Preferably the sheet and spacer strip defining the corner angle are displaced parallel with the line of the joint and the source of supply of the solder metal, together with the iron (if used) and the source of the finishing flame(s) are fixed.

Preferably the solder metal is progressively supplied or spread along the joint with the aid of a soldering iron which is displaced manually along the joint whereas the finishing flame(s) is or are mechanically displaced and guided along the joint. In this manner of applying the invention, use is made of manual skill in manipulating the soldering iron, which is very desirable for optimum results, particularly at the corner regions of the glazing unit, whereas the location of the finishing flame or flames in relation to the work is maintained at a predetermined setting to achieve the best finishing effect.

The invention includes apparatus for use in manufactuing glazing units using a process according to the invention as hereinbefore defined. Apparatus according to the present invention, for use in the manufacture of glazing units by jointing metallized margins of sheets of glass to an intervening spacer strip or strips by means of solder beads formed along the sheet-to-strip joints, such apparatus comprising a work support and means for acting progressively along a said joint for forming said bead, is characterized in that said bead-forming means comprises a combination of elements for acting progressively along a said joint in succession, such elements comprising at least one element for providing the joint angle with molten solder, and a gas burner for maintaining at least one flame playing onto the joint, and in that means is provided for relatively displacing said support and the elements of said combination so as to cause every increment of length of the joint to be traversed by at least one said flame after such increment has been traversed by the or each other element of said combination and before the solder metal at that increment of length of the joint has completely solidified.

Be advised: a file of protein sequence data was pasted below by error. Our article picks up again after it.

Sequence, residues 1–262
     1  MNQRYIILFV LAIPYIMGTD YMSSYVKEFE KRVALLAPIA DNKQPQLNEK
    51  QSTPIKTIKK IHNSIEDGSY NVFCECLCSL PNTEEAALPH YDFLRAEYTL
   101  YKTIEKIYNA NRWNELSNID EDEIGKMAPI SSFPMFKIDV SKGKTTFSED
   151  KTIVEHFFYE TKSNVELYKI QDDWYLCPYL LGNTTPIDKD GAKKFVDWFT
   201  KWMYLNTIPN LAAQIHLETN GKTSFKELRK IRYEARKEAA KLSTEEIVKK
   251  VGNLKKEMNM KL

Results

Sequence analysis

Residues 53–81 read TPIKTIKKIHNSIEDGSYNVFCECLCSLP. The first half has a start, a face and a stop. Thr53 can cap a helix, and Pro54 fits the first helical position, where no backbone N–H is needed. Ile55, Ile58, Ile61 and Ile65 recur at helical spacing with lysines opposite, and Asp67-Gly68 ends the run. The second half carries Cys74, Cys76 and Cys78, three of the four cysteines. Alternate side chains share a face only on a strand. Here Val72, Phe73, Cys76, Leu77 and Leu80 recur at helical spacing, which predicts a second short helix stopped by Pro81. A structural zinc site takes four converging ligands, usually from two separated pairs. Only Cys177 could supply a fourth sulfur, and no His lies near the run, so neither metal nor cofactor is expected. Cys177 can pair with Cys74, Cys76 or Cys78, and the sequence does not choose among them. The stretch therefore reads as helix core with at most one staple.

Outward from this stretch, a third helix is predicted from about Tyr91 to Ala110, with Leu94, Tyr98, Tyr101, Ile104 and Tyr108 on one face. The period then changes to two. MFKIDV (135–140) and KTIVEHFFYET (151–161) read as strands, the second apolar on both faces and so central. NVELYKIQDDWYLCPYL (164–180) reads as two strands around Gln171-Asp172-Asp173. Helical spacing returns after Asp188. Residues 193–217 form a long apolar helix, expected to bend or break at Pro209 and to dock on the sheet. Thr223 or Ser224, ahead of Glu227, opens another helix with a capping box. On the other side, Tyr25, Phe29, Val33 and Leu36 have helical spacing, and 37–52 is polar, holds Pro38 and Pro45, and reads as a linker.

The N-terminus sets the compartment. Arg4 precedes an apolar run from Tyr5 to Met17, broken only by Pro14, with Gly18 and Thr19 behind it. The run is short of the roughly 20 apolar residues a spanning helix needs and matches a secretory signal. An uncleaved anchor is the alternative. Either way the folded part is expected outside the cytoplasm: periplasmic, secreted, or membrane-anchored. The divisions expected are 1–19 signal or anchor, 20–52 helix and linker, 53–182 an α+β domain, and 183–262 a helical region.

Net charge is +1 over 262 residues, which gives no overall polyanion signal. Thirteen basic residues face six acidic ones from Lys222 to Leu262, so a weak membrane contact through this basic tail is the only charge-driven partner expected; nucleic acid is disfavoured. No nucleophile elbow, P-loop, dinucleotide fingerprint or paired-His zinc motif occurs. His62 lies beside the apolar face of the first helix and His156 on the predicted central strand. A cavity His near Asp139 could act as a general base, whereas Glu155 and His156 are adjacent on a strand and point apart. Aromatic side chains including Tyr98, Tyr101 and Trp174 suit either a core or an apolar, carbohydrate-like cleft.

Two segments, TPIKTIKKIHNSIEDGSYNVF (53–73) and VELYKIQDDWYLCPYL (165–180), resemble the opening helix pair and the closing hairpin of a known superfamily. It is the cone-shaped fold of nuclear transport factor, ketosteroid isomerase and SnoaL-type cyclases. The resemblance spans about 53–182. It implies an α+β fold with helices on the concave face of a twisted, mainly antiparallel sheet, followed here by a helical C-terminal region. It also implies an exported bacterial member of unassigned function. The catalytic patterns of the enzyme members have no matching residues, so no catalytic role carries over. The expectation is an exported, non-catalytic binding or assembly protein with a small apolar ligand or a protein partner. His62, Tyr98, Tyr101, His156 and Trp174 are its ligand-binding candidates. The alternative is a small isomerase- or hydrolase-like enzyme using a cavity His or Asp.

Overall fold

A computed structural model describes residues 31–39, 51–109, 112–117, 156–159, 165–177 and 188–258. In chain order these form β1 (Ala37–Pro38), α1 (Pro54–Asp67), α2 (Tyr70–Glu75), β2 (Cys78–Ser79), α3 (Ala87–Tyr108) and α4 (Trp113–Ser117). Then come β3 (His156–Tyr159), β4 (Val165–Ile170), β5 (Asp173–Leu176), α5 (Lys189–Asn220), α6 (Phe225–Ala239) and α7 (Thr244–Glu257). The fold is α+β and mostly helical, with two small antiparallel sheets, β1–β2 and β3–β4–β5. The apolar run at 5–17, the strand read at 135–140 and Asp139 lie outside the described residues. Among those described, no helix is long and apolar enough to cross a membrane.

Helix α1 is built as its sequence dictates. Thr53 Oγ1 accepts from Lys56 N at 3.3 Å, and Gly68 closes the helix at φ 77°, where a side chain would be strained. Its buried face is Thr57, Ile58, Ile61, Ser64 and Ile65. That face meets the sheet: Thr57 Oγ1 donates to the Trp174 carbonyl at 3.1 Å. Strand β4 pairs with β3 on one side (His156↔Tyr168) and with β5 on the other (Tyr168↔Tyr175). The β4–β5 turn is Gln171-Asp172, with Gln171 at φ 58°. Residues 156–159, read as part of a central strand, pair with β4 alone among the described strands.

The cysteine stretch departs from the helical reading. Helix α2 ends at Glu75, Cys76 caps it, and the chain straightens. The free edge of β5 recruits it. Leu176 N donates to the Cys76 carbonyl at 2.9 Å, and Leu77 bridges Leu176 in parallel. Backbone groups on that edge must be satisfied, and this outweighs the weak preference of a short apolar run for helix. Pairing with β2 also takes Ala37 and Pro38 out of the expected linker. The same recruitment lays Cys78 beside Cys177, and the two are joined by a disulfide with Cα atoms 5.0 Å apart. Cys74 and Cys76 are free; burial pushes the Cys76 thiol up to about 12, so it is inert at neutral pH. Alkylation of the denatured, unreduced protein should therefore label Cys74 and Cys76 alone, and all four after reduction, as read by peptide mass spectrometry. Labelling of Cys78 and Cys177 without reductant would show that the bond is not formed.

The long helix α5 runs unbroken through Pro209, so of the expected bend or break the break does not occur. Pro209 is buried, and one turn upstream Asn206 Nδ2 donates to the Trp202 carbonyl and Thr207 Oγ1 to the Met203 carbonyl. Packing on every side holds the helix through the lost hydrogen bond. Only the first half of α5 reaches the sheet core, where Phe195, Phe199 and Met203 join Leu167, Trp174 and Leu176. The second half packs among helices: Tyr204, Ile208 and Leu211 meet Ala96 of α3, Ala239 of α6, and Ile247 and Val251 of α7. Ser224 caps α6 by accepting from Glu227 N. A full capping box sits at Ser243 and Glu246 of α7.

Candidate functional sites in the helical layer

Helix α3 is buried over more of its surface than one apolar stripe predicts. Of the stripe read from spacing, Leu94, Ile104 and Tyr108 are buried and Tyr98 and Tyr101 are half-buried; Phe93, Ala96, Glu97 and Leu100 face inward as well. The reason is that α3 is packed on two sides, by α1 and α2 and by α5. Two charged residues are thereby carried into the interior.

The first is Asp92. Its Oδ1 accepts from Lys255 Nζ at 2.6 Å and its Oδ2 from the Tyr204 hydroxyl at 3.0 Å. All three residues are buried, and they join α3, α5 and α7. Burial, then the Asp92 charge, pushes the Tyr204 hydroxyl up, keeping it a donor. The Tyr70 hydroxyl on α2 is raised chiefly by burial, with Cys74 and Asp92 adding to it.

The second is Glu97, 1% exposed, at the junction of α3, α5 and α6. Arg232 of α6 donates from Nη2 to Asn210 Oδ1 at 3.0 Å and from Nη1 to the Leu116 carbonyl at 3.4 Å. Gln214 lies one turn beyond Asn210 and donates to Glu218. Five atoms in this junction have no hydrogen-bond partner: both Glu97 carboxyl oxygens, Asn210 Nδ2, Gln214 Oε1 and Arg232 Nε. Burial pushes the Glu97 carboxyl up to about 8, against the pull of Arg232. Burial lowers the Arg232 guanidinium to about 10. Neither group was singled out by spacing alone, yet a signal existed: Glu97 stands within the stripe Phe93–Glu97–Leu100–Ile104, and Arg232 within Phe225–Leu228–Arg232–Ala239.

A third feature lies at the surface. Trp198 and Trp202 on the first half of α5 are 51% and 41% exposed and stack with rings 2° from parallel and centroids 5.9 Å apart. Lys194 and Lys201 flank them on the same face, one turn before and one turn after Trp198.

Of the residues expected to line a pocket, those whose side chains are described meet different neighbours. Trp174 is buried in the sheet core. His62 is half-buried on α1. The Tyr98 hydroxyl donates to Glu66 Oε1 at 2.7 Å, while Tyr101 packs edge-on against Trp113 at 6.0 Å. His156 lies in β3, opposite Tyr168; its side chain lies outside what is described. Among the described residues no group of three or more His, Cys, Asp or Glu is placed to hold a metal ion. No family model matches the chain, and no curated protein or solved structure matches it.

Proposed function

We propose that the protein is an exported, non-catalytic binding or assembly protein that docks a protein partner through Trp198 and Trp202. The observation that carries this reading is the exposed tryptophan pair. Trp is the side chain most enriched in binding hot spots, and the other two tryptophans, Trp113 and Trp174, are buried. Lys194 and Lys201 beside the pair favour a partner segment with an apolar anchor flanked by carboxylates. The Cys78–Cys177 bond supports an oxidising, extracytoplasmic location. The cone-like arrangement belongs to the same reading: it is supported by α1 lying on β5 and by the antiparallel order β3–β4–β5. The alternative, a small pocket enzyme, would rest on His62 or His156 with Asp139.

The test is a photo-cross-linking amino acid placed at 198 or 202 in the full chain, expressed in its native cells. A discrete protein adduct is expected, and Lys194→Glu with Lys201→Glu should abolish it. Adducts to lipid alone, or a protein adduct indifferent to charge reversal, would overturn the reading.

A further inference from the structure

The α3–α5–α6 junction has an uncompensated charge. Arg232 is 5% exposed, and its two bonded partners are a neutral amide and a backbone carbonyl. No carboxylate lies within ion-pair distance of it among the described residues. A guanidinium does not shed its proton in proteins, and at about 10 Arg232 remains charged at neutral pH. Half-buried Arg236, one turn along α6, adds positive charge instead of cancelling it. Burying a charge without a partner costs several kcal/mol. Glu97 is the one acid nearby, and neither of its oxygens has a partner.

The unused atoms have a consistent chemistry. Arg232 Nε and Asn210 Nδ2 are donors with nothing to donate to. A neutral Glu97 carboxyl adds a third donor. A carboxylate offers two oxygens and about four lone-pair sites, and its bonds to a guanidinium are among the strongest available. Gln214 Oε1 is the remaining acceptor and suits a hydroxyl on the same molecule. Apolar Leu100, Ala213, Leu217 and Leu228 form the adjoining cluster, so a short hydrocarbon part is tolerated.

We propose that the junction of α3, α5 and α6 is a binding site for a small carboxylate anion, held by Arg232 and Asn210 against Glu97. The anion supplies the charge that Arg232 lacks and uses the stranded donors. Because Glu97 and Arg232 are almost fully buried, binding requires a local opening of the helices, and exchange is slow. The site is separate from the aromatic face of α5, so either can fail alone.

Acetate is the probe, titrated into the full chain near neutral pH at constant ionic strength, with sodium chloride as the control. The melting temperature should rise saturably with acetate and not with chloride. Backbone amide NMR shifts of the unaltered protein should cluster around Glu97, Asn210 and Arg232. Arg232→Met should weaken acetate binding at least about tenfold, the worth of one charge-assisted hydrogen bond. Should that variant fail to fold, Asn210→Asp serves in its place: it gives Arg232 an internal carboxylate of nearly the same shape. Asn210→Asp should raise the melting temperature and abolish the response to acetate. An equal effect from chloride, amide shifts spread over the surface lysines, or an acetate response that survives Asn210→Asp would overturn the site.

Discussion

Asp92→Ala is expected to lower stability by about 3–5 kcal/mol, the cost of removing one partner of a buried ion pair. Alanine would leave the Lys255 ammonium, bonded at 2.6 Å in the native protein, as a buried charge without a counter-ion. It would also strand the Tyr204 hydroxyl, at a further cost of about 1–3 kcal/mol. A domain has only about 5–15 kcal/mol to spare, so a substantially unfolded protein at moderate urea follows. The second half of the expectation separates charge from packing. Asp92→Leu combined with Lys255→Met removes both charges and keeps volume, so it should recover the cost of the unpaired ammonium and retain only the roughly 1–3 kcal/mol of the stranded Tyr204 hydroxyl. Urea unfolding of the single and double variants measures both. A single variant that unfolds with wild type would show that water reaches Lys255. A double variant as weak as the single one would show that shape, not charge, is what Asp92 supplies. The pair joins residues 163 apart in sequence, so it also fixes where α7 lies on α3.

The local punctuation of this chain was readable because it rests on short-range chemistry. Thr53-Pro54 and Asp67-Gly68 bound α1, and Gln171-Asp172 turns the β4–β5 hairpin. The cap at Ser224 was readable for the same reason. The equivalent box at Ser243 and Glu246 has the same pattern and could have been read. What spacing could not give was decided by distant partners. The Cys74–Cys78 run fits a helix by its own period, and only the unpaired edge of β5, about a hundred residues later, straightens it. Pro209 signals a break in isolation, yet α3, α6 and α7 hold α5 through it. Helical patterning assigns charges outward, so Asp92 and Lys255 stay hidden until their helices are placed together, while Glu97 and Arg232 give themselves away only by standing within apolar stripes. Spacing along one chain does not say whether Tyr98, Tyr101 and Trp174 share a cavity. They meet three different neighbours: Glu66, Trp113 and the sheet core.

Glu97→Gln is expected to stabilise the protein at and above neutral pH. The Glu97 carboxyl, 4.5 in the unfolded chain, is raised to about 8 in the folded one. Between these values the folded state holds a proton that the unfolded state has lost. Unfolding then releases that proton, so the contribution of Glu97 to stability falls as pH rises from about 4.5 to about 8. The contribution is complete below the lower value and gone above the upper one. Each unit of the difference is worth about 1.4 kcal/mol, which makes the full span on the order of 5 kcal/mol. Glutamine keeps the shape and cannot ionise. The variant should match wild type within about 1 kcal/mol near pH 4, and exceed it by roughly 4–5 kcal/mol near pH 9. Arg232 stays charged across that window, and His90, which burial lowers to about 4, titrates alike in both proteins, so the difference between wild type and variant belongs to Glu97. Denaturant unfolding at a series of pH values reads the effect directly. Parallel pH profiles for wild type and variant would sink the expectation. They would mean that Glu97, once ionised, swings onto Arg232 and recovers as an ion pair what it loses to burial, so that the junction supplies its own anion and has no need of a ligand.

By using such an apparatus according to the invention, solder beads of high quality can be more easily and reliably formed than by apparatus as previously known. This advantage is due to the construction of the apparatus for maintaining a finishing flame.

In certain apparatus according to the invention the said combination of elements includes a solder feeding element for feeding solder into the joint angle in molten condition. The provision of such an element enables molten solder to be fed into the joint angle along its length, e.g., so that the molten solder feeds into the joint angle at a position maintained just ahead of the finishing flame(s). This is sometimes preferable to the procedure of first laying solder along the joint and subsequently melting such solder in situ and subjecting the melted solder to the action of said finishing flame(s). However the invention includes apparatus for carrying out that alternative procedure, as hereinafter specified.

Advantageously, said combination of elements includes a soldering iron. By using a soldering iron solder supplied to the joint can be spread along the joint in a very satisfactory way to promote the formation of a bead of correct form.

The invention includes apparatus in which the said combination of elements includes at least one gas burner for maintaining at least one flame playing onto the joint at the position where it is acted on by a said soldering iron as well as for maintaining at least one flame (finishing flame) playing onto the joint at a position trailing the soldering iron. By supplementing the action of a soldering iron by the action of a flame acting at the same place as the iron the flow of solder metal into intimate contact with the joint faces is promoted.